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Press Release

Las Vegas Real Estate Developer Sentenced To Prison For Tax Evasion

For Immediate Release
U.S. Attorney's Office, District of Nevada
Evaded Over $1.9 Million in Taxes

LAS VEGAS – A Nevada man was sentenced today to 12 months and one day in prison for evading payment of his federal income taxes. Scott H. Lawrence, of Las Vegas, pleaded guilty to tax evasion on July 26, 2022.

According to court documents and statements made in court, from approximately 2009 through 2019, Lawrence owned and operated Turn Two Inc., a Nevada real estate company. In March 2010, the IRS levied Lawrence’s personal bank account in an attempt to satisfy an outstanding tax debt. After learning of the IRS levy, Lawrence began taking steps to thwart IRS collection efforts by, among other things, cashing large portions of his wife’s paycheck to keep the funds out of a bank account the IRS could levy. Beginning in 2011, Lawrence began depositing his wife’s entire paycheck and other earnings into a corporate bank account not subject to levy, held by Turn Two and used that account to pay most of his family’s personal living expenses.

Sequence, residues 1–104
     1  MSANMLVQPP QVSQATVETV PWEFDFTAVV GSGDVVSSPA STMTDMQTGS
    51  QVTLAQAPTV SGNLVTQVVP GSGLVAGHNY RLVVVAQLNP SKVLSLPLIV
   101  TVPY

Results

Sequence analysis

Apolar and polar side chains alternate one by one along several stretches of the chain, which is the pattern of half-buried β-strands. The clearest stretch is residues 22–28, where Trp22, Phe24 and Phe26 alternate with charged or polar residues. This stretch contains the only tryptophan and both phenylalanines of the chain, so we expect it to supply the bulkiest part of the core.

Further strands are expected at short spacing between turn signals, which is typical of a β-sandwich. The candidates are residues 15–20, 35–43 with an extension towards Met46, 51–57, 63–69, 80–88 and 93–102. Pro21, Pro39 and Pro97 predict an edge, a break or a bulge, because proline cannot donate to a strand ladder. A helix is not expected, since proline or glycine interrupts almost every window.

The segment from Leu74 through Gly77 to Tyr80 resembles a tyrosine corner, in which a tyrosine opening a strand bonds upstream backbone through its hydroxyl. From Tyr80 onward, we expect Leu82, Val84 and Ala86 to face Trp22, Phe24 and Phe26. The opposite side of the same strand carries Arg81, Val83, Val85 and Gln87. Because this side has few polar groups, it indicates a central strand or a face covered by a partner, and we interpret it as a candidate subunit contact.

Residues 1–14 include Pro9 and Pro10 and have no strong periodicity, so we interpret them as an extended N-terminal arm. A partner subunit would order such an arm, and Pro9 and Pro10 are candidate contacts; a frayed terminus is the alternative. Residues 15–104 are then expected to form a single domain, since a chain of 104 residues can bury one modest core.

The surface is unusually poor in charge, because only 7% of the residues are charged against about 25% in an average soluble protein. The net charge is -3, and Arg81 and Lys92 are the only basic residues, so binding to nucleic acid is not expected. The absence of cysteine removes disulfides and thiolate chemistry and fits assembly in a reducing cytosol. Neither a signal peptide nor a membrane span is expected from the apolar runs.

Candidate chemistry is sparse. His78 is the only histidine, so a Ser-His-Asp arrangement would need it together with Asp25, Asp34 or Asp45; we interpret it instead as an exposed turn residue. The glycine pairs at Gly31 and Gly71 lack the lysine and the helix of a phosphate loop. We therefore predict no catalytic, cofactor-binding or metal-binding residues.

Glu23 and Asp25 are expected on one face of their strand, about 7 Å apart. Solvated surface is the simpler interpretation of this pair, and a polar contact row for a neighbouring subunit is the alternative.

Lawrence then directed his wife to create a new interior design business, D Lawrence Hospitality LLC (“DLH”), and to open a business bank account for DLH. Lawrence funneled much of his and his wife’s personal income through DLH to impede the IRS’s ability to collect the couple’s unpaid taxes. For years, Lawrence concealed the existence and personal use of DLH’s bank account from the IRS.

Lawrence also caused his attorney to send a materially misleading letter to the IRS and to pay his taxes using an intentionally overdrawn bank account.

In all, as a result of his evasive conduct, Lawrence prevented the IRS from collecting more than $1.9 million in federal income taxes.

In addition to the term of imprisonment, U.S. District Judge Anne R. Traum ordered Lawrence to serve two years of supervised release and to pay approximately $1,905,325 in restitution to the United States.

Acting Deputy Assistant Attorney General Stuart M. Goldberg of the Justice Department’s Tax Division and U.S. Attorney Jason M. Frierson for the District of Nevada made the announcement.

IRS-Criminal Investigation investigated the case.

Trial Attorneys Patrick Burns and Boris Bourget of the Tax Division prosecuted the case.



Updated November 6, 2023